August 2016
Volume 16, Issue 12
Open Access
Vision Sciences Society Annual Meeting Abstract  |   September 2016
In search of a melanopsin contribution to the ERG: Reconceptualizing the source of the a-wave?
Author Affiliations
  • Christopher Tyler
    Smith-Kettlewell Eye Research Institute, San Francisco
  • Lora Likova
    Smith-Kettlewell Eye Research Institute, San Francisco
  • spero Nicholas
    Smith-Kettlewell Eye Research Institute, San Francisco
Journal of Vision September 2016, Vol.16, 1144. doi:10.1167/16.12.1144
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      Christopher Tyler, Lora Likova, spero Nicholas; In search of a melanopsin contribution to the ERG: Reconceptualizing the source of the a-wave?. Journal of Vision 2016;16(12):1144. doi: 10.1167/16.12.1144.

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      © 2017 Association for Research in Vision and Ophthalmology.

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Abstract

Introduction. It is generally understood that the full-field dark-adapted ERG is dominated by the scotopic spectrum of the rod response (Holopigian et al., 1992; Hood & Birch, 1992), although short-wave anomalies have been reported that could be attributed to a melanopic component (e.g., Bierdsdorf & Grand, 1962), and fast melanopic ERG responses have been reported in silent substitution protocols (Fukuda et al., 2010). Moreover, long-wave anomalies in the ERG have long been known in the form of the short-latency x-wave (Adrian, 1946; Armington, 1952). Methods. We examined the spectral sensitivity of the a/b-wave complex in human ERGs recorded with skin electrodes across the spectrum over three log units of intensity. Results. The long-latency component at all test wavelengths and intensities conformed to a single function of scotopic intensity (rod quantum catch), which we term the "main sequence" for ERG times-to-peak as a function of intensity. However, responses to red lights showed an extra short-latency peak (x-wave) at high intensity attributable to cone responses. Nevertheless, rescaling the data as a function of photopic intensity did not result in a clean alignment of the a-waves across the spectrum, as would be predicted by the cone attribution. The a-wave latencies, however, became aligned by scaling the data as a function of equal-energy radiance. Conclusion. The results suggest a reconceptualization of the spectral sensitivity of the dark-adapted cone a-wave (and the subsequent x-wave) as neither photopic nor scotopic, but conforming to the radical hypothesis that the a-wave responses throughout the spectrum derive from a pre-luminance sensitivity to the radiant energy impinging on each class of photoreceptor. This radiant energy baseline provides a firm basis for assessing the melanopsin contribution to the ERG response.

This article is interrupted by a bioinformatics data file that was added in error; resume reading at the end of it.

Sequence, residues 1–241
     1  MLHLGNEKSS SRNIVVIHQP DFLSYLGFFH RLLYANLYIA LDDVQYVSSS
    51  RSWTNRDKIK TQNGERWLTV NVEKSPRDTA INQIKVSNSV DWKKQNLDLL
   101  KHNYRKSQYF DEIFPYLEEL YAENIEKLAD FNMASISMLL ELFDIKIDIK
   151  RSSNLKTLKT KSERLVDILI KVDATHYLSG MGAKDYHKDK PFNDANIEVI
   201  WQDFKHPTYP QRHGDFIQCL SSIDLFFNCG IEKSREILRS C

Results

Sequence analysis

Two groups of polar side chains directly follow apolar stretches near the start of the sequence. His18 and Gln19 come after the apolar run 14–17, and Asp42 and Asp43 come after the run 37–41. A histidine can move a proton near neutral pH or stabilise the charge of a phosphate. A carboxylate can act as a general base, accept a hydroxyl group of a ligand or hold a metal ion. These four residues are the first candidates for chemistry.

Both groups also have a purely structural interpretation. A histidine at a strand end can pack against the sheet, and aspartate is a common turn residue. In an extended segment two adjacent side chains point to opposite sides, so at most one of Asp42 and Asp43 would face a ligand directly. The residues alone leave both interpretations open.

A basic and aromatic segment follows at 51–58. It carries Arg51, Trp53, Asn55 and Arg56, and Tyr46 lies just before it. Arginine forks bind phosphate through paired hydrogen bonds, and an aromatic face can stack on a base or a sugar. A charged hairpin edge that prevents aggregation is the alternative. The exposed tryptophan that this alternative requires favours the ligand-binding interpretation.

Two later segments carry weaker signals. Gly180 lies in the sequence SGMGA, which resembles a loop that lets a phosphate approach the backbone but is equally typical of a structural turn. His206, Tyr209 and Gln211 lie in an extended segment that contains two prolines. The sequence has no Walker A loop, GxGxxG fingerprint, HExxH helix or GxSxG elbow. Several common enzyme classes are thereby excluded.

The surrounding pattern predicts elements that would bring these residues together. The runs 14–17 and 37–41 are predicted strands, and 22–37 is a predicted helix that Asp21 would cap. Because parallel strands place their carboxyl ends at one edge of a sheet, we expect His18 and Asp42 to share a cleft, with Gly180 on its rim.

Meeting abstract presented at VSS 2016

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